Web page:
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The neurobiology of addiction

Thanks to a four-year, $2.4 million grant from the National Institutes of Health, University of Minnesota researchers have launched a multidisciplinary effort to examine the role impulsivity plays in addiction. Research at the new Center for the Study of Impulsivity in Addiction will focus on drug abuse and binge-eating disorder—addictions that share behavioral and neurobiological traits, says center director Kelvin O. Lim, M.D., professor and vice chair for research in the Department of Psychiatry.

The impulsivity that University of Minnesota scientists and others have linked to various addictions can actually be seen in the brain’s chemistry, says Lim, who holds the Drs. T. J. and Ella M. Arneson Land-Grant Chair in Human Behavior. Specifically, addicts have reduced levels of GABA (gamma-aminobutyric acid), an amino acid that is the major inhibitory neurotransmitter in the brain. Center researchers will use imaging technology to noninvasively measure GABA levels in the brains of humans and rats, both addicts and nonaddicts, Lim says, to try to establish whether GABA deficiency is a cause or a result of addiction.

The center will encompass three projects: Lim’s study of cocaine addiction in humans; a study of patients with binge-eating disorder by psychiatry professor Nancy Raymond, M.D., and Sheila Specker, M.D., associate professor of psychiatry; and related studies of laboratory rats by Marilyn Carroll, Ph.D., also a psychiatry professor.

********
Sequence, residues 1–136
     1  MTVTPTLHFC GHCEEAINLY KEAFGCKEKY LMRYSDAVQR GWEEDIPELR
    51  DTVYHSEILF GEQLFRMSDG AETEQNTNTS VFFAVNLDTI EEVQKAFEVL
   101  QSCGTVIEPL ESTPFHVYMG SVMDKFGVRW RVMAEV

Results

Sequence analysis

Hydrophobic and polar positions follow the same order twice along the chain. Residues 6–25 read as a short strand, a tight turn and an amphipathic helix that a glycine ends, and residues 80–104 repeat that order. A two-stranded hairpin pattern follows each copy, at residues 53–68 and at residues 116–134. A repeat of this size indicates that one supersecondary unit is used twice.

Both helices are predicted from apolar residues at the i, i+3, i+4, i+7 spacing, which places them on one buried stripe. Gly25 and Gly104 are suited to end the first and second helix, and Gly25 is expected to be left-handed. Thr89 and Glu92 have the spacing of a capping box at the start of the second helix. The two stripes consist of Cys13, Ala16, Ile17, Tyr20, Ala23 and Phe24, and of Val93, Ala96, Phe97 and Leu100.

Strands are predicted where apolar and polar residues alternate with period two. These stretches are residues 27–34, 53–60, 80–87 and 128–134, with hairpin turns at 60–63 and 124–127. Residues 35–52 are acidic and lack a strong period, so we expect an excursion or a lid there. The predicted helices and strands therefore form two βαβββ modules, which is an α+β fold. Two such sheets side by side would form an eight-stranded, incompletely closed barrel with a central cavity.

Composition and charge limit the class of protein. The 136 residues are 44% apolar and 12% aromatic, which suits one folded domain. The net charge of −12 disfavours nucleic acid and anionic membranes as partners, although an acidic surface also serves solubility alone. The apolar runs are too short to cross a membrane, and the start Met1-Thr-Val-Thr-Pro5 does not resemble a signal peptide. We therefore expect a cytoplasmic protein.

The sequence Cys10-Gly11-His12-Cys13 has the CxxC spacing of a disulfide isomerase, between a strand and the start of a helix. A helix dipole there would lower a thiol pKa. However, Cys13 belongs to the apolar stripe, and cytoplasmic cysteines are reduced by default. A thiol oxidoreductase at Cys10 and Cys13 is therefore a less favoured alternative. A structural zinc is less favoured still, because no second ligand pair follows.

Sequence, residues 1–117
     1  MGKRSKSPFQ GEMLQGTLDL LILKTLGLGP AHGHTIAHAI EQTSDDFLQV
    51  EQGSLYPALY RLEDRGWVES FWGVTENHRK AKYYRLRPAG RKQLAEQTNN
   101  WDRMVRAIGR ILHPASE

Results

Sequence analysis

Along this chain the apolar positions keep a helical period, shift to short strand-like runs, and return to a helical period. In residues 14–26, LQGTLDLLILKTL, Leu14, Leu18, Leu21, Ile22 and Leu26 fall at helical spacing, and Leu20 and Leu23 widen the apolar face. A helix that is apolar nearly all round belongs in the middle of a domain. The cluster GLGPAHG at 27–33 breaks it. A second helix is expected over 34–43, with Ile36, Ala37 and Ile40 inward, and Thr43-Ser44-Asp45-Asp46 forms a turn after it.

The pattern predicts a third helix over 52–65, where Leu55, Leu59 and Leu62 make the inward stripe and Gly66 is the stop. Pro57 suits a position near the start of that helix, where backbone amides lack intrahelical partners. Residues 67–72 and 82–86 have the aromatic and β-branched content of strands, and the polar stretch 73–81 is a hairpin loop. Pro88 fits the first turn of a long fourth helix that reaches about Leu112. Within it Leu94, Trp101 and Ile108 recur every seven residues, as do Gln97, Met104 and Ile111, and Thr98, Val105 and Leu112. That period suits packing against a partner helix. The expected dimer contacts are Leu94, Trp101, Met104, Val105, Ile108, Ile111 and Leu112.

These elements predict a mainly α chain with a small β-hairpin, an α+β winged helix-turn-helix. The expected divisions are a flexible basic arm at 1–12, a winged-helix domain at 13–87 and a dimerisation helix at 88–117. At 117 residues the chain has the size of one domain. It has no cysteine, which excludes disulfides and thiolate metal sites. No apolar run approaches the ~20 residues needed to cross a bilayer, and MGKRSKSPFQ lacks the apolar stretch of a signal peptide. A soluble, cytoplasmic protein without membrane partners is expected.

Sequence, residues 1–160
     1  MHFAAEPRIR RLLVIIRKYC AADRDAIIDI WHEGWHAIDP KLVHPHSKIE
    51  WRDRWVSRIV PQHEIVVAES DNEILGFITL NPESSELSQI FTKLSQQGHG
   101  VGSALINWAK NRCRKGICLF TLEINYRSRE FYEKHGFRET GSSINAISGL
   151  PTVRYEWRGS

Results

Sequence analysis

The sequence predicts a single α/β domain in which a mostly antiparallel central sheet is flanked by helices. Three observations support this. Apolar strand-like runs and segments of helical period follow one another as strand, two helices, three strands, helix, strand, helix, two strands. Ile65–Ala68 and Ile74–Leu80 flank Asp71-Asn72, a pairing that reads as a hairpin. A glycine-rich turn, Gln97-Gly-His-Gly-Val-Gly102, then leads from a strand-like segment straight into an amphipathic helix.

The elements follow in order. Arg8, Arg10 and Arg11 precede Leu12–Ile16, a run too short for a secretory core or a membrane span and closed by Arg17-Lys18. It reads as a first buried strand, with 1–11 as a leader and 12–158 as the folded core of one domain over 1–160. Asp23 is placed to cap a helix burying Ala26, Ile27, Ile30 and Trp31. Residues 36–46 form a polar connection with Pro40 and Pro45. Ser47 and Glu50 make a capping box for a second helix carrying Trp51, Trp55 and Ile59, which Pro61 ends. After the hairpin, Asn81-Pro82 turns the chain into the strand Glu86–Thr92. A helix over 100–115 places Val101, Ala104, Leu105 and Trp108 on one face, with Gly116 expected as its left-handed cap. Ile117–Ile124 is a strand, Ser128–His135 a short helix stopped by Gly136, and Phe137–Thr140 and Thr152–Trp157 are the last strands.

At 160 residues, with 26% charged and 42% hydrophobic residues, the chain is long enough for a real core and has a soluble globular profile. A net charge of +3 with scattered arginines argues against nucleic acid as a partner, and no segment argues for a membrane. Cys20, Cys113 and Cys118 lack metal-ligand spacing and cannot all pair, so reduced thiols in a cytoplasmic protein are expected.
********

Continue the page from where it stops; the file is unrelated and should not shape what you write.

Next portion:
For several years, Carroll has bred rats that are “sweet-preferrers”—biologically predisposed to prefer sweet tastes. Those rats appear to be significantly more vulnerable to cocaine addiction. “The sweet-preferrers are more impulsive [than other rats], they take a lot more cocaine, they relapse faster to cocaine, and they escalate their intake,” Carroll explains. “Escalation is thought to be a major marker of addiction.”

Do those tendencies hold true in humans? Says Carroll, “That’s one of the questions we want to ask: Are Kelvin Lim’s patients who are addicted to cocaine also sweet-preferrers? Are Sheila Specker’s and Nancy Raymond’s patients who are binge-eaters also sweet-preferrers?” The answers could have implications for the treatment and prevention of a variety of addictions.

Besides brain imaging, studies at the Center for the Study of Impulsivity in Addiction will include extensive behavioral testing. “The center should help improve our understanding of the neurobiology of inhibitory control, which will lead to new approaches to prevention and treatment,” Lim says.

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